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    Changes in Native American Tax Collection Boost N.Y. C-stores

    As tribal stores turn to their own cigarettes, smokers are heading to c-stores and gas stations for the national brands.

    VERNON, N.Y. -- New York State's victory in its battle to collect cigarette excise taxes from Indian reservations has had an unexpected -- but not unwelcomed -- consequence for area retailers.

    In mid-June, the Appellate Division of the State Supreme Court lifted a temporary injunction against the collection of the $4.35-per-pack tax. Immediately following that decision, Robert Odawi Porter, president of the Seneca Nation of Indians, said the tribes would turn to making their own cigarettes, therefore exempting them from the fee, as CSNews Online reported.

    For its part, the Oneida Indian Nation let its supply of mainstream brand cigarettes dwindle. But that decision to stop carrying nationally known brands has led adult smokers to turn to local convenience stores and gas stations, according to UticaOD.com.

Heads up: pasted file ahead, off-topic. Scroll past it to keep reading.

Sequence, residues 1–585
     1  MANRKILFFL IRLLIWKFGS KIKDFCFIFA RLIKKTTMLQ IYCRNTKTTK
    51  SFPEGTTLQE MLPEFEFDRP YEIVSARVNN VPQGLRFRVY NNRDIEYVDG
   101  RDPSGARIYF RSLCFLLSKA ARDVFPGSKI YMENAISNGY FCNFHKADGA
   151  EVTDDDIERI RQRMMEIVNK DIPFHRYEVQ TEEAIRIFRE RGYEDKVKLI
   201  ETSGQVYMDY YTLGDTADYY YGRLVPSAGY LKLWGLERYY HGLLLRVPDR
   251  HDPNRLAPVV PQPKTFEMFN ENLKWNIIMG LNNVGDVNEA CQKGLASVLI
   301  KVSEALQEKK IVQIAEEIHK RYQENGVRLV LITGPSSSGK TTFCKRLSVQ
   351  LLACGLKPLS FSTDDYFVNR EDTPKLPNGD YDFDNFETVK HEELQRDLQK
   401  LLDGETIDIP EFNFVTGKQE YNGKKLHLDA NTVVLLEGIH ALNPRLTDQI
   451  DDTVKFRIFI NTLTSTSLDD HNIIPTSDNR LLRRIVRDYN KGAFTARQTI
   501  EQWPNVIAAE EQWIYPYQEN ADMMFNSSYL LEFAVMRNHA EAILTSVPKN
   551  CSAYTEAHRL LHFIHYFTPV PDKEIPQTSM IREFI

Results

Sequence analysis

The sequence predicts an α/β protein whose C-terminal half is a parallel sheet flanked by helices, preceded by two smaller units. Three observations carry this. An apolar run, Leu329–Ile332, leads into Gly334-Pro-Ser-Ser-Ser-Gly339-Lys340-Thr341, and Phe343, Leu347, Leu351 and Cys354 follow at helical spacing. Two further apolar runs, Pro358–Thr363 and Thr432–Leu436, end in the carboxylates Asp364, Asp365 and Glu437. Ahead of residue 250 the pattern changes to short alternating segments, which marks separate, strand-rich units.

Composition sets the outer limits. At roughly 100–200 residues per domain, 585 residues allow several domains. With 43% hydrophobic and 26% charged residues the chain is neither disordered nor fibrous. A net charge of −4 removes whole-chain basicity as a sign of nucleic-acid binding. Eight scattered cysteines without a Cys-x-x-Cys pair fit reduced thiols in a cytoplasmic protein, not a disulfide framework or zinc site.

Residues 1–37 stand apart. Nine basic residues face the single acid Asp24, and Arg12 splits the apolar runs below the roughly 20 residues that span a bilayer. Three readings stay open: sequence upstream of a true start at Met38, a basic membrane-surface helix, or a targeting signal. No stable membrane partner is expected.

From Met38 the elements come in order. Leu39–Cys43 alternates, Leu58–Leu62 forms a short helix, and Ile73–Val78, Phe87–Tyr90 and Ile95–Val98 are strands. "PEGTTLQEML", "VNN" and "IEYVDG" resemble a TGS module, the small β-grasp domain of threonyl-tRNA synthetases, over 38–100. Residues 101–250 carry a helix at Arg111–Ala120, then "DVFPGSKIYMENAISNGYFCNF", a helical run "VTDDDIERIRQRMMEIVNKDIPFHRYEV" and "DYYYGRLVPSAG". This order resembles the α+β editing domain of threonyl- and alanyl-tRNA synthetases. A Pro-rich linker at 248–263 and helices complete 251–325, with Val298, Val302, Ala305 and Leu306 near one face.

"I don't like the brands they are selling," Sue Fort, who was buying a pack of USA Gold Lights at FasTrip, a Mobil gas station with a convenience store outside Vernon, told the news outlet. "I won't buy there anymore."

    Others are following suit. Paul Badhan, who owns FasTrip, said he started noticing the change about two weeks ago.

    "It was hurting us real bad," he said of the Oneida's reservations cigarette selling. "Gas and cigarettes are our main business. We think it's going to be better for us now."

    New York state and local municipalities lost millions in tax revenue as Indian tribes grew their retail cigarette business. But state and local governments were not the only ones on the losing side. Gas station and convenience store owners contend sales of gas and other goods declined because smokers often buy other things at the same time they pick up their cigarettes.

    "Now, people come in and then we sell a lot more stuff," Badhan said.

    James Calvin, president of the New York Association of Convenience Stores, told UticaOD.com the impacts on convenience stores would be positive, but wouldn't completely solve the problem of cheap Indian cigarettes. He said anecdotal evidence across the state shows sales increases in some, but not all non-Indian stores.

    "In some cases, the improvement has been significant, but it’s not universal," he said.

    Calvin also said many people now are smoking the cheaper Indian-brand cigarettes. "Those products are still being sold in huge quantities at the SavOn stores and other tribal stores in New York," he added.

     

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